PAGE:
Obama is, no doubt reacting to the panic within his own country after the Christmas Day attempted bombing of a Detroit bound plane. The US President says, “The Yemen branch of Al Qaeda trained, equipped and dispatched the 23 year old Nigerian man accused of trying to blow up the Northwest Airlines plane.” Sanaa, the capital of Yemen, the ancestral homeland of Osama Bin Laden, was where the Nigerian Umar Farouk Abdulmutallab went to learn Arabic. It is there that western officials say that he met and was inspired by American born cleric Anwar al-Awlaki and other jihadis with whom he kept contact since 2007. Awlaki is supposed to be a key player in Al Qaeda, exulting at the Yemeni governments defeats in Mareb and reminding me of similar clerics in Pakistani madarsas linked to Hizbul and LeT.
"May this be the beginning of the greatest Jihad, the Jihad of the Arabian Peninsula that would free the heart of the Islamic world from the tyrants who are standing between us and victory," Awlaki has said on his website, no doubt referring to Mecca not all that far from Yemen.
Of course, where the Americans go the British must follow. Prime Minister Gordon Brown has called for an International Summit on Yemen (a failing state, he says) and sent counter terrorist experts there. The UK and the US closed embassies temporarily in Sanaa last week, citing terrorist threats. Meanwhile, and interestingly for seafarers, the official British policy remains unchanged: paying ransoms to pirates is not illegal but paying money to terrorists is.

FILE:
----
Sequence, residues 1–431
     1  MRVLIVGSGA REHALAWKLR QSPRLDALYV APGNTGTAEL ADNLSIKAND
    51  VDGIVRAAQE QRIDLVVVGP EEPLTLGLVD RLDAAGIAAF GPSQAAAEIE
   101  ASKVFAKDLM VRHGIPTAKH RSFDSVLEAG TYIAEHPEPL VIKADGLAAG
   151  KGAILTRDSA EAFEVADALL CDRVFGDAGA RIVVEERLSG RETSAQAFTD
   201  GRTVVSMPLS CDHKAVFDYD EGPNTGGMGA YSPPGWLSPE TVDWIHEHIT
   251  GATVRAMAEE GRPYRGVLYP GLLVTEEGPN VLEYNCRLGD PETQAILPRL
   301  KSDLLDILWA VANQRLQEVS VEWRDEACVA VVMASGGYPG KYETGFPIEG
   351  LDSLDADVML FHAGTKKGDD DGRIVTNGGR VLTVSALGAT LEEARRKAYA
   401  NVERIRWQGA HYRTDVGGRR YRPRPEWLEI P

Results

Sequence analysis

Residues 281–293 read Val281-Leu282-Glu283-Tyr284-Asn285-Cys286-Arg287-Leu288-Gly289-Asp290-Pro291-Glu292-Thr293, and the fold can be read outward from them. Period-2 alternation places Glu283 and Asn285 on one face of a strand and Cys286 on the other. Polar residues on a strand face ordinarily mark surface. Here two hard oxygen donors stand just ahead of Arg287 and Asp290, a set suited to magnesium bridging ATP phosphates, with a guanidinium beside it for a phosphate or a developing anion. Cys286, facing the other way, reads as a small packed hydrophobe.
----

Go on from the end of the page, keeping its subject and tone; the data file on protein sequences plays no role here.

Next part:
And therein lies the rub. The hijacking of ships off the coast of Somalia has become a mini industry in the UK; besides the pirates and their backers, UK based security firms are raking in the moolah. British policies actively promote piracy ransoms despite official statements decrying ransom payments; these policies have remain unchanged despite one of their own unions, ‘Nautilus’, lambasting the British Government for their stand. The maritime union’s General Secretary Mark Dickinson says, “We don’t think our members should be left as political pawns in a moral debate about whether paying ransoms is wrong or right.” He should add that part of the immorality lies in governments continuing to put seafarers in harm’s way by refusing to link piracy and terrorism.
London is the centre of business in the maritime world, and the UK is taking the lead in refusing to acknowledge this nexus. As long as a year ago, the BBC reported that a hidden mini industry of lawyers, negotiators, risk consultants and security teams based in the City of London (nearly 7,000km away from Somalia) were making as much money off piracy as the criminals that hijack ships, effectively "doubling the ransom amount." The Spaniards have since complained that London is benefiting from piracy, and the Beeb quoted an underwriter as saying that if a link were established between pirates and terrorists it could create serious problems for all parties involved. "We'd all be going to jail," he said. (The link is very much there. It just has to be acknowledged, not established.)